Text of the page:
Mark Margolis, A Better Call and Breaking Bad Saul Star passes away at the age of 83

Mark Margolis, who portrayed the malevolent, bell-ringing Hector Salamanca in "Breaking Bad" and "Better Call Saul," passed away at Mt. Sinai Hospital in New York City on Thursday. He was 83 years old.

His son, Morgan Margolis, made the announcement.

As the former drug kingpin who continues to oversee the Albuquerque meth trade from his nursing home, Margolis left an indelible impression on the television universe of Vince Gilligan with minimal dialogue. 

He was nominated for an Emmy in 2012 for his role in "Breaking Bad."

He reprised his role as Hector "To" Salamanca for five seasons on the Bob Odenkirk-led prequel series "Better Call Saul," imbuing the character with a complex backstory.

Margolis, who was born in Philadelphia in 1939, moved to New York at a tender age to pursue an acting career. 

He secured roles in Broadway productions like "Infidel Caesar" due to his early interest in theater. He later appeared in over fifty Off-Broadway productions, including "Uncle Sam" and "The Golem."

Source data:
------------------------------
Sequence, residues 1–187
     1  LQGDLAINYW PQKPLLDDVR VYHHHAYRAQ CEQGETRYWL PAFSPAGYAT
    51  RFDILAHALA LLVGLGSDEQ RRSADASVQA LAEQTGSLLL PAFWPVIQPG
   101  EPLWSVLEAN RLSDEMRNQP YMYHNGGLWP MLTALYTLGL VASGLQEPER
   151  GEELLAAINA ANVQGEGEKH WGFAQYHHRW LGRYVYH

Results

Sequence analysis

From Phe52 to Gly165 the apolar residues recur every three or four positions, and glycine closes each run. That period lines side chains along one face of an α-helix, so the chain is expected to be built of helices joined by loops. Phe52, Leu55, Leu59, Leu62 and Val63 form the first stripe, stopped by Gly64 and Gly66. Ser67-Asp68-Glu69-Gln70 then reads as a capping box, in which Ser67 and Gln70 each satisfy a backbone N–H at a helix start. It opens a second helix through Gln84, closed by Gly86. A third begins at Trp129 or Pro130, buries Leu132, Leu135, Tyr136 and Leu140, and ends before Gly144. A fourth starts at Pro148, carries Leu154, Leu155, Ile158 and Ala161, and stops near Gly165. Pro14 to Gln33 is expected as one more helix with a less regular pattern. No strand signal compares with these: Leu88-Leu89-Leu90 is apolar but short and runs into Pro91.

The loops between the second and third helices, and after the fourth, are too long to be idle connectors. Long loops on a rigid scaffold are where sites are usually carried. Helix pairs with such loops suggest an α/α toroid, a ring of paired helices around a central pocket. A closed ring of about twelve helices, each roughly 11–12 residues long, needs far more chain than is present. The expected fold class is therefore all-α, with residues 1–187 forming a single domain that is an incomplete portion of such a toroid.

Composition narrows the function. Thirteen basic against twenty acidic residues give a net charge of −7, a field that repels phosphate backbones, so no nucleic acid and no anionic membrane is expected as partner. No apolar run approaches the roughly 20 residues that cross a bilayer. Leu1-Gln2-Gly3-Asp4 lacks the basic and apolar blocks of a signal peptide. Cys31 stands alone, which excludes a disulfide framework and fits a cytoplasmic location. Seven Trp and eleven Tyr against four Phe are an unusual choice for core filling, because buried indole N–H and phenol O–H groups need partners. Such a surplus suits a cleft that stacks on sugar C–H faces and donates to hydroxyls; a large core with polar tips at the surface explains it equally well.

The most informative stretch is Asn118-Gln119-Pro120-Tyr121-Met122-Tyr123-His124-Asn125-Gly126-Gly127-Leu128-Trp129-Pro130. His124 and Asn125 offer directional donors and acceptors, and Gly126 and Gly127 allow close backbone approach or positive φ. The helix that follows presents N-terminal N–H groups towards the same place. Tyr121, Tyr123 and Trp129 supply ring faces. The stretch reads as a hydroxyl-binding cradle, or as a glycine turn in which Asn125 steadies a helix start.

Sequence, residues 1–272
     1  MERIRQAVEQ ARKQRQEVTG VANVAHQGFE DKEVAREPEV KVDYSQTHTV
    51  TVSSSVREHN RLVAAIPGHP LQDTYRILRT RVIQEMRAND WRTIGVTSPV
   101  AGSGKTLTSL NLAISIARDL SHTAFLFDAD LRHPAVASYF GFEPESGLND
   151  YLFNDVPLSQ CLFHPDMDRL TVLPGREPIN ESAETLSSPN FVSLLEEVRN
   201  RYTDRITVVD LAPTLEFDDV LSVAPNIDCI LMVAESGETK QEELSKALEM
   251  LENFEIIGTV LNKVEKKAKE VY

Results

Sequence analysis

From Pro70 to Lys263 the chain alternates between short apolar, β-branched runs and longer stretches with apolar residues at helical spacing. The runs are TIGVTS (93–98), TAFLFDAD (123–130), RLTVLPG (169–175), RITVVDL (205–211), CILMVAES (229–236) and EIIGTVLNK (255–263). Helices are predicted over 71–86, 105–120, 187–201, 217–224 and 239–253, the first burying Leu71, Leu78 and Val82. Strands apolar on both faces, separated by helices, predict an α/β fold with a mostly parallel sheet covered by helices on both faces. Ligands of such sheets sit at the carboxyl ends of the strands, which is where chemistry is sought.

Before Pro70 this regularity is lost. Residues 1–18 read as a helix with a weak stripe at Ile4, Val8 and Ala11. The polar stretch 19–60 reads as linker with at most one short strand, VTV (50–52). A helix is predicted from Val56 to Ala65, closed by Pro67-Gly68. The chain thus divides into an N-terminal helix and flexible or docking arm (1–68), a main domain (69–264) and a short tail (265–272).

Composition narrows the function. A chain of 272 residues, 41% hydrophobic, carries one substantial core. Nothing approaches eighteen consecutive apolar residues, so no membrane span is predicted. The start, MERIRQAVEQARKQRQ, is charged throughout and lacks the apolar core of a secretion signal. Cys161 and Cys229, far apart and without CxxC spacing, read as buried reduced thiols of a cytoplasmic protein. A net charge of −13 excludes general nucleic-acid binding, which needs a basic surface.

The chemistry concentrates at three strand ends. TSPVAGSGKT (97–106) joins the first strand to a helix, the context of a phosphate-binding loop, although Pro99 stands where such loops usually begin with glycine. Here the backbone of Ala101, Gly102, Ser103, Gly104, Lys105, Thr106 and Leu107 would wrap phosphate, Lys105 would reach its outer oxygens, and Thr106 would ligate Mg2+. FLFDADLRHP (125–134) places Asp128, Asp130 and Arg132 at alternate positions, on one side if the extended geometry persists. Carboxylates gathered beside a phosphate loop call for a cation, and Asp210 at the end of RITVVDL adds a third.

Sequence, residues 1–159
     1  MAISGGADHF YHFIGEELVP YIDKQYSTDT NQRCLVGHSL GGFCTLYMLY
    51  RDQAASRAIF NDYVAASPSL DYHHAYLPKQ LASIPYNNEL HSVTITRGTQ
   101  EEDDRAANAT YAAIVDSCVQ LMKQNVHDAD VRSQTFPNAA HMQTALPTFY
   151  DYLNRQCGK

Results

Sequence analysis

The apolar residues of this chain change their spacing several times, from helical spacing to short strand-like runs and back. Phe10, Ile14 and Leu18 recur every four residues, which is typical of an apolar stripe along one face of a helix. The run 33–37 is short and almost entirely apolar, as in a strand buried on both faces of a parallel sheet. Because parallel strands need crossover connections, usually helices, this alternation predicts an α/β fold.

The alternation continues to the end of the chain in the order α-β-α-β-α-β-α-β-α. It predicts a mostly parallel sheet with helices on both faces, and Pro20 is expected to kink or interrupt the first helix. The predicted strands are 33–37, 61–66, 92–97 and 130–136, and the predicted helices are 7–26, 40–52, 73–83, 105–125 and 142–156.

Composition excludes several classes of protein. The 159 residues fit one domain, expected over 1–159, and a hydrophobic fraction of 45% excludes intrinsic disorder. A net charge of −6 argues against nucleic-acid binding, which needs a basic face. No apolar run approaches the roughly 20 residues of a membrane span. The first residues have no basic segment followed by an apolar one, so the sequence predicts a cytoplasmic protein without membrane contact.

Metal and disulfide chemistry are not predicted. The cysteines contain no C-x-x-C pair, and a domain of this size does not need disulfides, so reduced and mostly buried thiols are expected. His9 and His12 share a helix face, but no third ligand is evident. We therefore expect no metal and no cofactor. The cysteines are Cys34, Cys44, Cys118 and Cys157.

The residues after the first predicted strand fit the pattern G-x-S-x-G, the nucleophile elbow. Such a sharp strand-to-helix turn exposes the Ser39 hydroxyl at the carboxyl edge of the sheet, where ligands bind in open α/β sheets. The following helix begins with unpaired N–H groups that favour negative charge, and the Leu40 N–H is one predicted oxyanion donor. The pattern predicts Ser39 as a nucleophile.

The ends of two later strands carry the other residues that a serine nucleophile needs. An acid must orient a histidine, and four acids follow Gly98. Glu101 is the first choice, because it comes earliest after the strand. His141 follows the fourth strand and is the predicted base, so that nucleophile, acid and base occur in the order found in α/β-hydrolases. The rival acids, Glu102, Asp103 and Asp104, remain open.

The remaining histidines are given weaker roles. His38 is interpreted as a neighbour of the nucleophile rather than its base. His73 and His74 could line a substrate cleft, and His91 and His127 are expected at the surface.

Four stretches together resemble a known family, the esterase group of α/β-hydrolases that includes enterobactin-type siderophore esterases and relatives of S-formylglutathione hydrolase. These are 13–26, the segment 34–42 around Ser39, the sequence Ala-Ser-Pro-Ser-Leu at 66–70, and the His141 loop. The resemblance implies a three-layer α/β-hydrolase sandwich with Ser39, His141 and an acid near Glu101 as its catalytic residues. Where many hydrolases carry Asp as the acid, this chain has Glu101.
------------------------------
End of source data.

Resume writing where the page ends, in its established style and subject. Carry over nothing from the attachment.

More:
His breakthrough film portrayal was in Brian De Palma's gangster classic "Scarface," in which he portrayed Alberto, aka The Shadow, the villain and bodyguard. 

Margolis appeared in "Noah," "Black Swan," "The Wrestler," and "Pi" as a longstanding collaborator of Darren Aronofsky. He has over seventy film credits spanning five decades.

Margolis had recurring roles on "The Equalizer," "Oz," "Kings," and "American Horror Story: Coven," as well as guest roles on "Californication," "Gotham," "Crossing Jordan," and "The Affair."

Robert Kolker, the superintendent of Margolis, said in a statement, "He was one of a kind. We will never see his kind again. He was a valued patron and a friend for life. I was fortunate to know him.

Peter Gould, co-creator and showrunner of "Better Call Saul," paid tribute to Mark Margolis via Twitter, writing, "Absolutely heartbroken to learn of Mark Margolis' passing. Mark was brilliant, humorous, and a million-story raconteur. I already mourn him terribly."

Thomas Schnauz, a writer and producer for "Breaking Bad" and "Better Call Saul," tweeted, "Extremely unfortunate news. 

Mark made me chuckle whenever we were on set together. I was fortunate to have his character, To, walk, speak, and teach his nephews a lesson in my very first episode of 'Breaking Bad.' My affection to his family and numerous acquaintances."

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